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And follow'd will be impudence, Bonduca,
to no belief, to taint these Romans, Have I not seen the Britons
Cạr. Disheart ned,
Bon. O ye powers,
Car. Yes, Bonduca,
Nen. And what did you then, Caratach?
Car, I fled too,
heard Me speak this, of ever seen the child more,
But that the son of Virtue, Penyus,
Thy manly sword has ransom'd thee : grow strong, « And let me meet thee once again in arms: " Then if thou stand’st, thou art mine." I took his
offer, And here I am to honour him.
THE BLOODY BROTHER; OR, ROLLO,
GEDY. BY JOHN FLETCHER.
Rollo, Duke of Normandy, a bloody tyrant, puts to death
his tutor Baldwin, for too freely reproving him for his crimes; but afterwards falls in love with Edith, daughter to the man he has slain. She makes a show of returning his love, and invites him to a banquet ; her design being to train him there, that she may kill him : but overcome by his flatteries, and real or dissembled remorse, she faints in her resolution.
Rol. What bright star, taking beauty's form upon her, In all the happy lustre of heaven's glory, Has dropt down from the sky to comfort me ? Wonder of Nature, let it not prophane thee My rude hand touch thy beauty, nor this kiss, The gentle sacrifice of love and service, Be offer'd to the honour of thy sweetness.
Edi. My gracious lord, no deity dwells here, Nor nothing of that virtue but obedience; "The servant to your will affects no flattery,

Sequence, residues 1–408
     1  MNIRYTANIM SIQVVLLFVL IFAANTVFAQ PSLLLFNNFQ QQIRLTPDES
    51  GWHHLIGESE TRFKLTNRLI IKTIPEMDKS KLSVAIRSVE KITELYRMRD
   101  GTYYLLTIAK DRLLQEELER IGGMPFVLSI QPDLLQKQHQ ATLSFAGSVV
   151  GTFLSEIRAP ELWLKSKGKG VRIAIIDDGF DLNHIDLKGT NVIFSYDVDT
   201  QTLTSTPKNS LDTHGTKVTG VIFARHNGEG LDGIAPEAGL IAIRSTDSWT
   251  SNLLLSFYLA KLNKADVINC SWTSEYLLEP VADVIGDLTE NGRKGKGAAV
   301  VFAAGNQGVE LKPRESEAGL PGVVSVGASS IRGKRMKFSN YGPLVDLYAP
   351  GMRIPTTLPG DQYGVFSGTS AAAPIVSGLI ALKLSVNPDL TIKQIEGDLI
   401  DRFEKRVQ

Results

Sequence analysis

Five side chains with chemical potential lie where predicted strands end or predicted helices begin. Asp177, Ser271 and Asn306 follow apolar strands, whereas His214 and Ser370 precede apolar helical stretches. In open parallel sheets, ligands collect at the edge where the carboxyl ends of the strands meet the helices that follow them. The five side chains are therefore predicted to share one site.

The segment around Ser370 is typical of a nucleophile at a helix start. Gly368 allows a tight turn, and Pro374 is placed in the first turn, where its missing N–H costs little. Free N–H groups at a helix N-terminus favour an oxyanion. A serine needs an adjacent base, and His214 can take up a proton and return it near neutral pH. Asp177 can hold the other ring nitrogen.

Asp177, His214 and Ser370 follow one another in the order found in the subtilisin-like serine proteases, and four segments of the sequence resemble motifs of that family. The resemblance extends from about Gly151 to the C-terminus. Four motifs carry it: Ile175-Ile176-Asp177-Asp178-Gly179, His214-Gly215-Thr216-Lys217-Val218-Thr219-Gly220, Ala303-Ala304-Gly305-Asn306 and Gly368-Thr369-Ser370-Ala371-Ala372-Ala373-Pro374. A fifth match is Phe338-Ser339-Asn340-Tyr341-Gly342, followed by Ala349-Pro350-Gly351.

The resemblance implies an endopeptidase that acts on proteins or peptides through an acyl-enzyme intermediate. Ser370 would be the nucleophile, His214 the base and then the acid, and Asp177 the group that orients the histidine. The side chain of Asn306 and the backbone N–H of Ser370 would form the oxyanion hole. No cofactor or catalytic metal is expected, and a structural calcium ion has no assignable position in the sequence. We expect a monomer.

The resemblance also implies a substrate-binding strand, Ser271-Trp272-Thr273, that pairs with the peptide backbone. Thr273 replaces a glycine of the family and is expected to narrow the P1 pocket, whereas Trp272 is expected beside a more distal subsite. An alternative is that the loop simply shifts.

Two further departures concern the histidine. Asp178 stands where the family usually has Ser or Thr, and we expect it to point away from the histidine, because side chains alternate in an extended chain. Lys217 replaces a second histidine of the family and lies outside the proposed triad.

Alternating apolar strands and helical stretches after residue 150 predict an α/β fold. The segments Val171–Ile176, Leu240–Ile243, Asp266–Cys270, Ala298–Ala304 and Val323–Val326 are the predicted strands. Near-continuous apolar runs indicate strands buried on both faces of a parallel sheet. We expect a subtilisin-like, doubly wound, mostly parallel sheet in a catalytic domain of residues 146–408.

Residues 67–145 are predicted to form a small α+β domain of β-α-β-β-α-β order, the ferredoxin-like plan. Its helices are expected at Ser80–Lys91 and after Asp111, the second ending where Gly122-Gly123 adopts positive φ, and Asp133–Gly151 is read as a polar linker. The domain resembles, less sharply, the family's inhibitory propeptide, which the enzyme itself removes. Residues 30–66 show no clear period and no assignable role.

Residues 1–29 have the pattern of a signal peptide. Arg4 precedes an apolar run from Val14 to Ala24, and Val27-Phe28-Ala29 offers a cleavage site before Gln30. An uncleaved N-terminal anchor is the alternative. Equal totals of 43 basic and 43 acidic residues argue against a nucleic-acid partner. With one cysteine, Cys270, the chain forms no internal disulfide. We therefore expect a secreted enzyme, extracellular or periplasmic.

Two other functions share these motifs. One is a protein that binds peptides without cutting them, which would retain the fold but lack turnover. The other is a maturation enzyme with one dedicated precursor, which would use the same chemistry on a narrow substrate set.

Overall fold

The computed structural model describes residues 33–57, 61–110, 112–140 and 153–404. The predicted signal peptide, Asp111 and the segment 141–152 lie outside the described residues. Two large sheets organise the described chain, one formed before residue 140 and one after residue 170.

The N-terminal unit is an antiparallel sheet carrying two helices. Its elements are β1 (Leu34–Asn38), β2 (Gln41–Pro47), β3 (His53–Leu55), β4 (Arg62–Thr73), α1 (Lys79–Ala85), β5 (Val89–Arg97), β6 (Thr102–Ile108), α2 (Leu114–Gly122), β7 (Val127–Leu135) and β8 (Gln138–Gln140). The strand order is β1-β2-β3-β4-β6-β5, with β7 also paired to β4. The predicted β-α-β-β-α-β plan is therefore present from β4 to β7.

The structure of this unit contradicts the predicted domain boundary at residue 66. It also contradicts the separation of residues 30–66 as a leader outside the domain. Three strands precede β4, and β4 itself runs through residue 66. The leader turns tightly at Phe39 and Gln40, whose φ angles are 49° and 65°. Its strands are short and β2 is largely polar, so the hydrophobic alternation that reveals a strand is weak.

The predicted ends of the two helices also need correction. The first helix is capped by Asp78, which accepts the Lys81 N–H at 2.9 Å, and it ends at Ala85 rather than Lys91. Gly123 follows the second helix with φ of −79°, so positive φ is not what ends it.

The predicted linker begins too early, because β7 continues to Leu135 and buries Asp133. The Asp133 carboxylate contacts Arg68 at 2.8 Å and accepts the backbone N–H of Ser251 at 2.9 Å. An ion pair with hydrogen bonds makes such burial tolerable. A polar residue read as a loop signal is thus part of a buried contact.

Rol. Can it be flattery to swear those eyes
Edi. Your grace is full of game.
Rol. By heaven, my Edith,
Edi. Wil't please you sit, sir?
Rol. So you please sit by me.
Edi. Of what, sir?
my directions ? speak of love then ;
you sigh, sir?
Rol. The way to paradise, my gentle maid,
Edi. Your tears, sir;
Rol. Thou'lt never love me,
Edi. I stagger.
Rol. They're for blood then, For guiltless blood; and they must drop, my Edith, They must thus drop, till I have drown'd my mischiefs.
Edi. If this be true, I have no strength to touch him. Rol. I prithee look' upon me, turn not from me; Alas I do confess I'm made of mischiefs, Begot with all man's miseries upon me: But see my sorrows, maid, and do not thou, Whose only sweetest sacrifice is softness, Whose true condition, tenderness of nature,
Edi. My anger melts, oh, I shall lose my justice.
Rol. Do not thou learn to kill with cruelty,
repentance, In my heart's tears and truth of love to Edith, In my
fair life hereafter. Edi. He will fool me.
Rol. Oh, with thine angel eyes behold and bless me: Of heaven we call for mercy and obtain it, To justice for our right on earth and have it, Of thee I beg for love, save me, and give it.
Edi. Now, heaven, thy help, or I am gone His tongue has turn'd me into melting pity.
THIERRY AND THEODORET. A TRAGEDY.
Thierry, King of France, being childless, is foretold by an
Astrologer, that he shall have Children if he sacrifice the first Woman that he shall meet at sun-rise coming out of the
Temple of Diana. He waits before the Temple, and the first Woman he sees, proves to be his own Wife Ordella.
THIERRY, MARTEL, a Nobleman. Mart. Your grace is early stirring
Thier. How can he sleep Whose happiness is laid up in an hour He knows comes stealing towards him? Oh Martel! Is't possible the longing bride, whose wishes Out-run her fears, can on that day she is married Consume in slumbers; or his arms rust in case, That hears the charge, and sees the honour'd purchase Ready to guild his valour? Mine is more, A power above these passions; this day France, France, that in want of issue withers with us, And like an aged tiver, runs his head Into forgotten ways, again I ransom, And his fair course turn right.
Mart. Happy woman, that dies to do these things.